New England fashion and beauty photographer

10 things models do that I love

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It was roughly 6 years ago when I started photographing models.  I lived in Atlanta at the time, and I started out as many portrait photographers started out…. I shot my friends, neighbors, my girlfriend at the time, etc.  I had no portfolio, nor did I know what I was doing.  However, that was also the exciting part.  I was charting new territory for myself, and I was able to interact with people in the process.  Interacting with people is one of the things that keeps me going.  It’s one of the great benefits of photography; it’s something that you can include others in… you can create great things as part of a team, and then you can share it with others.

As a photographer that specializes in photographing people, the crucial component, obviously, is the model that I’m shooting.  6 years ago, I was shooting my friends… fast forward 6 years, and I’ve been lucky enough to have worked with hundreds of models, all with unique looks, talents and personalities.  I’ve worked with a broad spectrum of skill level, from no experience to those signed with top agencies, such as Wilhelmina and Next.  I wanted to write a blog post to serve as a source of direction.  This is not meant as an exposé for those that didn’t do these things, nor is this directed towards any specific person.  This is information based upon my experience.  I’m using a lot of positive examples, with some examples of what not to do intermingled.  Models that do the positive things, are the kind of models that I want to work with.

Here we go…

 

1 – They know how to communicate.

This is where it all begins.  The whole process starts with somebody reaching out to somebody.  Sometimes the model and I know each other, or we know of each other.  Sometimes we don’t.  But that first step of communication is crucial, and it’s a first impression that will set the flow of everything that follows.  The best communication examples I’ve seen were professional and courteous.  If the model did not know me, then they introduced themselves.  In the age of social media informalities, I know that this is a bygone expectation.  But it’s a good first impression.  It’s good to hear how they noticed my work, or if they are mutual friends with somebody.  This establishes a connection.  It’s also good to hear what they are interested in doing.  What kind of work are they looking to do?  Is it something that would fit my portfolio needs or be something that I’m capable of doing?  If you’re a model looking to work with a photographer, I think it’s better to start with this formal message.  I often see models leaving comments on photographers’ Facebook and Instagram images, saying something like “Would love to work with you!”  That in itself is not a bad thing.  But follow that up with a direct message.  You’re going to be taken more seriously if you do.

Another area where communication comes into play is with comfort levels.  There should be clear communication and expectations established before the shoot as to what the look and outcome of the shoot is going to be.  When a model knows how to communicate well, they’ll feel comfortable expressing any concerns or hesitations with the intended outcome.  They should keep in mind, especially for trade shoots, that the photographer and probably others involved are putting time and effort into something that hopefully all of them can feel good about.  The worst scenario is when there is communication and everything seems fine during a shoot, then when it gets time to post an image, there is concern about who may see it and who may be offended, envious, etc.  This is something that should have been discussed beforehand.  To be honest, it’s not the photographer’s problem or the makeup artist’s problem who on the model’s friend list may be offended by what they see.  If the work is tastefully done, that is what should matter.  It all goes back to clear communication and expectations.  When people put a lot of time, effort and talent into something that they cannot share, and expected to be able to share, then that is an issue.  That is why it is important for the model to know what their boundaries are and to communicate them clearly up front.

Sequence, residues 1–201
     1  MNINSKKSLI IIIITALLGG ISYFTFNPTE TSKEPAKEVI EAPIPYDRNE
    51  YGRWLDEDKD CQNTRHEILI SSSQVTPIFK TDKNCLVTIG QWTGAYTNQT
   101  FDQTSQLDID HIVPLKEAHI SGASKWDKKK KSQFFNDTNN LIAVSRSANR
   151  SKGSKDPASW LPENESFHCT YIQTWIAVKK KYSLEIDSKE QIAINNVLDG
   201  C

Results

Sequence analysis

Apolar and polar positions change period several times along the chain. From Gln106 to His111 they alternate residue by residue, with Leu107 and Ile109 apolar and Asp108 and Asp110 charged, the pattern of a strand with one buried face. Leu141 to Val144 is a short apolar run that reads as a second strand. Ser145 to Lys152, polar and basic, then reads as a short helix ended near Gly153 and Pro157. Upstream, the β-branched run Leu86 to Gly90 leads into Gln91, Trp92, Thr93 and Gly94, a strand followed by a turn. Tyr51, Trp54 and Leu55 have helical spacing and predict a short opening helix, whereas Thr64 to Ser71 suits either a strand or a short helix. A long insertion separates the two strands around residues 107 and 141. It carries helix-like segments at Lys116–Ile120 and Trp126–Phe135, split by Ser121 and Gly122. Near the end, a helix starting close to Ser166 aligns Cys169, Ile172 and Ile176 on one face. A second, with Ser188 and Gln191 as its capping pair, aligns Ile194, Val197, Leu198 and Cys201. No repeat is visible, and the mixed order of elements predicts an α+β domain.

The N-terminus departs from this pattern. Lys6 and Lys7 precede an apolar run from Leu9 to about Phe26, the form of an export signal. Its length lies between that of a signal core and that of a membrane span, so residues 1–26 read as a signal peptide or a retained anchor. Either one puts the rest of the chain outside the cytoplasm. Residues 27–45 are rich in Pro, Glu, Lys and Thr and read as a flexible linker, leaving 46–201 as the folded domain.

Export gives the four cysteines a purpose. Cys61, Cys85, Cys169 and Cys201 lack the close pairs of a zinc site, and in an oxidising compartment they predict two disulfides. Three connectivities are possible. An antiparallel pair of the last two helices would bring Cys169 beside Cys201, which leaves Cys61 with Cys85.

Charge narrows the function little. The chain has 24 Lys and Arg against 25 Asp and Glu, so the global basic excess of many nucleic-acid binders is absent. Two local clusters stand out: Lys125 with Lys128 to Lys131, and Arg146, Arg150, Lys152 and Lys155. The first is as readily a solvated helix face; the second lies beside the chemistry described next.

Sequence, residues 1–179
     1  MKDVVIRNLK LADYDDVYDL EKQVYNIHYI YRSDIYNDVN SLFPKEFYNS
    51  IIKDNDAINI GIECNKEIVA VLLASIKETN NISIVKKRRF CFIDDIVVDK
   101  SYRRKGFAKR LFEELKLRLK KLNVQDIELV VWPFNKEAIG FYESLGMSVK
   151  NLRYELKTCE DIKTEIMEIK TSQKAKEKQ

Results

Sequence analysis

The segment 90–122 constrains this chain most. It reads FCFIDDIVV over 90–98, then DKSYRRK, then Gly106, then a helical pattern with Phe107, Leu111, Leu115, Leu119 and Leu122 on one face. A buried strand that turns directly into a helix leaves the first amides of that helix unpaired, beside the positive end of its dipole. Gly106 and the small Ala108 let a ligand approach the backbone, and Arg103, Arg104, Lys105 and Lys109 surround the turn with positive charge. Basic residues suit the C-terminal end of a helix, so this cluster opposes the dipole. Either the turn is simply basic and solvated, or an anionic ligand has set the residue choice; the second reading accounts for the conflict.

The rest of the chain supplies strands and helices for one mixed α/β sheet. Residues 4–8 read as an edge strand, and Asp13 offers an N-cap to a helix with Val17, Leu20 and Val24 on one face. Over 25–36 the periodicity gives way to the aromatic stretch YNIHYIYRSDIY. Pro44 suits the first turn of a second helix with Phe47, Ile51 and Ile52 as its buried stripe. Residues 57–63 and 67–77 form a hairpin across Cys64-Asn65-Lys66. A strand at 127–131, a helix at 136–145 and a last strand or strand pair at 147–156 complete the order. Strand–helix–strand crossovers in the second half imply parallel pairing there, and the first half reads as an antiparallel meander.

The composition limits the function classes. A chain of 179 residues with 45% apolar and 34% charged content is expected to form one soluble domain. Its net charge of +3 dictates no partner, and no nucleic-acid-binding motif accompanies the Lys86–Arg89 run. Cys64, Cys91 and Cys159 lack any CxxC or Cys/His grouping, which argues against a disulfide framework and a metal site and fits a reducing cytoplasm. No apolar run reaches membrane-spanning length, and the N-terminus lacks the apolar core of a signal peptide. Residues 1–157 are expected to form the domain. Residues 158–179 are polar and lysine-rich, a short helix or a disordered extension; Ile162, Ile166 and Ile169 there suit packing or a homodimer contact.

2 – They are punctual

I can’t stress how important this is.  It is so basic and fundamental to success in everything, let alone modeling.  If a model is on time, it shows that they are prepared, professional, engaged, etc.  When they are late, it sends a message that they are none of the things that I listed.  It also implies that they value their time more than yours.  So when they show up late, it has a psychological effect on all those involved, and the shoot gets off to the wrong start.  Take steps to prevent this. Don’t estimate the trip time based upon perfect circumstances.  Plan for setbacks, plan for traffic, etc.   Make punctuality a priority.  Make it a habit.  And when you cannot arrive on time, clearly communicate.

3 – They know their bodies and they are comfortable with it.  

This one may seem vague and hard to define.  So many psychological factors come into play here.  One of those is confidence.  While the confidence can be boosted or diminished by the photographer, the model should come into the shoot “ready to rock it,” basically.  It’s easy to tell when somebody is a fan of the camera, and they want to work to get a great image.  On the flipside, if a photographer is spending time getting a model past all their insecurities, then less time is available to actually get great images.  The photographer should make it a comfortable environment and flow for the model, provide feedback where they can, etc.  This builds positive momentum when the model feels and knows that she is doing well.  That in turn makes me feel better about what I’m doing.  It’s all reciprocal.  It all starts with a baseline, and that baseline is higher when the model is confident about themselves when they walk in the door.

4 – They have a personality

This may seem harsh at first glance.  But my point is this… I think that shoots should be fun, and that means having an creative environment with open communication.  I love working with models that enjoy the process of a shoot, and are able to have fun with it and still be able to snap into “model mode” when necessary.  If there’s no personality, it’s kind of like doing a whole shoot without music.  It seems longer.  It seems mechanical.  And images themselves are much more powerful when they show personality.  If I’m getting a grasp of a model’s personality during the shoot, then I have a better chance of knowing how to bring it out in an image.